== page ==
Cite this

Kim, T. H., Hauser, F., Ha, T., Xue, S., Böhmer, M., Nishimura, N., ... Schroeder, J. I. (2011). Chemical genetics reveals negative regulation of abscisic acid signaling by a plant immune response pathway. Current Biology, 21(11), 990-997. https://doi.org/10.1016/j.cub.2011.04.045

Chemical genetics reveals negative regulation of abscisic acid signaling by a plant immune response pathway. / Kim, Tae Houn; Hauser, Felix; Ha, Tracy; Xue, Shaowu; Böhmer, Maik; Nishimura, Noriyuki; Munemasa, Shintaro; Hubbard, Katharine; Peine, Nora; Lee, Byeong Ha; Lee, Stephen; Robert, Nadia; Parker, Jane E.; Schroeder, Julian I.

In: Current Biology, Vol. 21, No. 11, 07.06.2011, p. 990-997.

Research output: Contribution to journalArticle

Kim, TH, Hauser, F, Ha, T, Xue, S, Böhmer, M, Nishimura, N, Munemasa, S, Hubbard, K, Peine, N, Lee, BH, Lee, S, Robert, N, Parker, JE & Schroeder, JI 2011, 'Chemical genetics reveals negative regulation of abscisic acid signaling by a plant immune response pathway', Current Biology, vol. 21, no. 11, pp. 990-997. https://doi.org/10.1016/j.cub.2011.04.045
Kim, Tae Houn ; Hauser, Felix ; Ha, Tracy ; Xue, Shaowu ; Böhmer, Maik ; Nishimura, Noriyuki ; Munemasa, Shintaro ; Hubbard, Katharine ; Peine, Nora ; Lee, Byeong Ha ; Lee, Stephen ; Robert, Nadia ; Parker, Jane E. ; Schroeder, Julian I. / Chemical genetics reveals negative regulation of abscisic acid signaling by a plant immune response pathway. In: Current Biology. 2011 ; Vol. 21, No. 11. pp. 990-997.
@article{9523c508a4714ef19c3d1cf4f828ba3e,
title = "Chemical genetics reveals negative regulation of abscisic acid signaling by a plant immune response pathway",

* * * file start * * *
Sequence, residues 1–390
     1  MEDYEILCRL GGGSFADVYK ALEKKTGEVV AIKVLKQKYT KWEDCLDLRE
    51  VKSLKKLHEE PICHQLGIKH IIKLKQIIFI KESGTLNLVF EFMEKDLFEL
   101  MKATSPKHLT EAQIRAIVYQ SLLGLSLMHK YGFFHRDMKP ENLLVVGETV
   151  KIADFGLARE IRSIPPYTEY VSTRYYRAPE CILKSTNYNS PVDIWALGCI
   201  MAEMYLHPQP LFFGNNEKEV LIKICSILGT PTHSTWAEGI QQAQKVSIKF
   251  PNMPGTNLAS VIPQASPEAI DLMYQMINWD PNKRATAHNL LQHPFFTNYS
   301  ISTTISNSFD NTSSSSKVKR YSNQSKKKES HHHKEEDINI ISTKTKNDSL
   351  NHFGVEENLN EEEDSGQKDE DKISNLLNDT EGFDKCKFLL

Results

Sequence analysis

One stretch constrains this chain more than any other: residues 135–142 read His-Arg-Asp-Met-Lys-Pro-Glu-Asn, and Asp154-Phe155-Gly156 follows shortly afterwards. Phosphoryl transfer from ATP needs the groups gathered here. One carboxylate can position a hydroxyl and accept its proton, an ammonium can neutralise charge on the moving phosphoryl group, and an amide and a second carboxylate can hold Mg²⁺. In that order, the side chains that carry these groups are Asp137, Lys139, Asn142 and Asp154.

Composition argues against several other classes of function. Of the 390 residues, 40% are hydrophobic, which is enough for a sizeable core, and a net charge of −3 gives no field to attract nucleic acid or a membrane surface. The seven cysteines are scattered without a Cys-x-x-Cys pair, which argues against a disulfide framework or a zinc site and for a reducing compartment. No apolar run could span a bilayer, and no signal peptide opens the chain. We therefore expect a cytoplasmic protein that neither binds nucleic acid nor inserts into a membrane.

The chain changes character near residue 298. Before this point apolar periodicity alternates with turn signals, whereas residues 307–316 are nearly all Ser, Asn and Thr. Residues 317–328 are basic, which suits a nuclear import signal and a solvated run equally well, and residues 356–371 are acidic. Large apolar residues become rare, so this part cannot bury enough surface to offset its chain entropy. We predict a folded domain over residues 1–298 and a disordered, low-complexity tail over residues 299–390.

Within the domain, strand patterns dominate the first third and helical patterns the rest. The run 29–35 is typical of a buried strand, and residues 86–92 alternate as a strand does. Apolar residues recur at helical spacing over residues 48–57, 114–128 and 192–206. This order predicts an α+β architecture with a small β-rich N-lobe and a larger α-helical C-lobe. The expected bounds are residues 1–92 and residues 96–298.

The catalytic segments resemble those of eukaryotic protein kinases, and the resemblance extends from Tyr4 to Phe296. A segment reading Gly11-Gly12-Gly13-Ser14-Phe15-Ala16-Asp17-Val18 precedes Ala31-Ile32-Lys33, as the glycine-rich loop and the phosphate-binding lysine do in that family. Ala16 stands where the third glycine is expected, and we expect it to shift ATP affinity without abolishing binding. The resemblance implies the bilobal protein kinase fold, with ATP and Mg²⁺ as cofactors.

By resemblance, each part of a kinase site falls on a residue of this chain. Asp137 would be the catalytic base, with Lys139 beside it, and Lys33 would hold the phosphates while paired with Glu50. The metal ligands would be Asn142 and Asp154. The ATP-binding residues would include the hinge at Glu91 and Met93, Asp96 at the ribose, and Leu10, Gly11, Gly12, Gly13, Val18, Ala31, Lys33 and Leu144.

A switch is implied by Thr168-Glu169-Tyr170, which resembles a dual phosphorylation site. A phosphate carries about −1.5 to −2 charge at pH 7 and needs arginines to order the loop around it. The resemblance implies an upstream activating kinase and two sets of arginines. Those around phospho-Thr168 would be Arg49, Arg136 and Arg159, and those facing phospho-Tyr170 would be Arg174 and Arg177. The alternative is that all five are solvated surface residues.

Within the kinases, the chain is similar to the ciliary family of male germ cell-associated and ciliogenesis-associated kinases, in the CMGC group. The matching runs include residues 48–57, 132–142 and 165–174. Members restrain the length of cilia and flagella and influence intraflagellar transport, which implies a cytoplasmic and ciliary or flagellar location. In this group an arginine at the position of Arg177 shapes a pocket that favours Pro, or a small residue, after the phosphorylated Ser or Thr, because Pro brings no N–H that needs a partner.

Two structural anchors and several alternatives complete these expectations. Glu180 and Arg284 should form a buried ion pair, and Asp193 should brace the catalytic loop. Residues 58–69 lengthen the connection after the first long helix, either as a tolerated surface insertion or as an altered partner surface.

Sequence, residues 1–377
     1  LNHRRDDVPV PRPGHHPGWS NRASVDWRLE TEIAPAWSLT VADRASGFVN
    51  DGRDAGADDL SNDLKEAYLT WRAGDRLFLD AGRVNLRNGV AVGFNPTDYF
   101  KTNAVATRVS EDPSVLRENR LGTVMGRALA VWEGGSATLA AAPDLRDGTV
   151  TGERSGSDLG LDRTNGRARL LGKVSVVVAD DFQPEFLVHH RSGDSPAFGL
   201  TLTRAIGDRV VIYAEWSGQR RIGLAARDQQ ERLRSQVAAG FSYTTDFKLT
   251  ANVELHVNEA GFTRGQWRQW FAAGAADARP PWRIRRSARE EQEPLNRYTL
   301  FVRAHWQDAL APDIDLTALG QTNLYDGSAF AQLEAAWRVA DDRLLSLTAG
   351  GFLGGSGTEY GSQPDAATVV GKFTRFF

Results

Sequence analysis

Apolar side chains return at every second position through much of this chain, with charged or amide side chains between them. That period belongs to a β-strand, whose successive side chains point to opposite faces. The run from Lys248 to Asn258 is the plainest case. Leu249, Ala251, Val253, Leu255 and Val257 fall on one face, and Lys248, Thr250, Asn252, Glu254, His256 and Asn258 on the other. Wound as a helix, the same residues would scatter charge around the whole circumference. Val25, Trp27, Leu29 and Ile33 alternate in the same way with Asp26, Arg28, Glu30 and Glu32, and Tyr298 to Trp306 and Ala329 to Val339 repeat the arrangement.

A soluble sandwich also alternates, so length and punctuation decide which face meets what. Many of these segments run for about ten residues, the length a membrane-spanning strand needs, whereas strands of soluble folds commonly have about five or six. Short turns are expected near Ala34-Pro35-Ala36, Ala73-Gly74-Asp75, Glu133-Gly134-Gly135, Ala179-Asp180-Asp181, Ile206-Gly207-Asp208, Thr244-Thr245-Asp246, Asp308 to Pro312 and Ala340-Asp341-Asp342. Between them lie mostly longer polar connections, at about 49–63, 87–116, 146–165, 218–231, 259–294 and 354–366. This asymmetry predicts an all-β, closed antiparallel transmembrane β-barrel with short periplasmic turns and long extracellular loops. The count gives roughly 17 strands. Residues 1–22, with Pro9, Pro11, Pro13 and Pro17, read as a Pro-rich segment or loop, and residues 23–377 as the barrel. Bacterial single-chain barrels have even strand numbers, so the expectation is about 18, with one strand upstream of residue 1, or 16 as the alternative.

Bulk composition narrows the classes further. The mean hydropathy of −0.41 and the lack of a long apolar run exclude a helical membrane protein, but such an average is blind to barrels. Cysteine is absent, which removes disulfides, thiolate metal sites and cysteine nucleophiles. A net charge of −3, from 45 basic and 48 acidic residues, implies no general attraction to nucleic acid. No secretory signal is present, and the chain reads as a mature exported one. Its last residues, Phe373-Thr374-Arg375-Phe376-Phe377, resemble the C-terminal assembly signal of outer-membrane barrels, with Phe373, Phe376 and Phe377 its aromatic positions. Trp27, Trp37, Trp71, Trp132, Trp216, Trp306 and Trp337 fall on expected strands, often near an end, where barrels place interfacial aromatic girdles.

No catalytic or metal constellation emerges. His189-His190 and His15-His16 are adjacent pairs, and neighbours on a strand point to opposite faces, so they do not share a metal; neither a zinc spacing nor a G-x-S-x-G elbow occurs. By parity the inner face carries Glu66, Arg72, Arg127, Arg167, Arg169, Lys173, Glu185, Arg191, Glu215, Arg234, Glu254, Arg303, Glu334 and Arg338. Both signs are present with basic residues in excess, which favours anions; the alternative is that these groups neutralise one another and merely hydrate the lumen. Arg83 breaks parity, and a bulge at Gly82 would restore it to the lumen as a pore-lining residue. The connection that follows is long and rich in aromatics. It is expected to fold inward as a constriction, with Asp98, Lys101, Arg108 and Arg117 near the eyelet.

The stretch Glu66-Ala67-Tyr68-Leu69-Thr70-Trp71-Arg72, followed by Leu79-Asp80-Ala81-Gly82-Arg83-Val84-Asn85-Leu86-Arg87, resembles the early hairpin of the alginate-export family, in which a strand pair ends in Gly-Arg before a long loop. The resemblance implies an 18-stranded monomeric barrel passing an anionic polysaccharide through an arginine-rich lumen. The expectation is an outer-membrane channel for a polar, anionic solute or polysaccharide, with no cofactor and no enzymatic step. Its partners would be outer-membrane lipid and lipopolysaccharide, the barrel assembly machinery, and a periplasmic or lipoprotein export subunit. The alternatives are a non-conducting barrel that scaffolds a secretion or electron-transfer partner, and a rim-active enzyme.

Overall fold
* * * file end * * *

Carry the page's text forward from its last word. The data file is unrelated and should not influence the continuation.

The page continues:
abstract = "Coordinated regulation of protection mechanisms against environmental abiotic stress and pathogen attack is essential for plant adaptation and survival. Initial abiotic stress can interfere with disease-resistance signaling [1-6]. Conversely, initial plant immune signaling may interrupt subsequent abscisic acid (ABA) signal transduction [7, 8]. However, the processes involved in this crosstalk between these signaling networks have not been determined. By screening a 9600-compound chemical library, we identified a small molecule [5-(3,4-dichlorophenyl)furan-2-yl]-piperidine-1-ylmethanethione (DFPM) that rapidly downregulates ABA-dependent gene expression and also inhibits ABA-induced stomatal closure. Transcriptome analyses show that DFPM also stimulates expression of plant defense-related genes. Major early regulators of pathogen-resistance responses, including EDS1, PAD4, RAR1, and SGT1b, are required for DFPM - and notably also for Pseudomonas - interference with ABA signal transduction, whereas salicylic acid, EDS16, and NPR1 are not necessary. Although DFPM does not interfere with early ABA perception by PYR/RCAR receptors or ABA activation of SnRK2 kinases, it disrupts cytosolic Ca2+ signaling and downstream anion channel activation in a PAD4-dependent manner. Our findings provide evidence that activation of EDS1/PAD4-dependent plant immune responses rapidly disrupts ABA signal transduction and that this occurs at the level of Ca2+ signaling, illuminating how the initial biotic stress pathway interferes with ABA signaling.",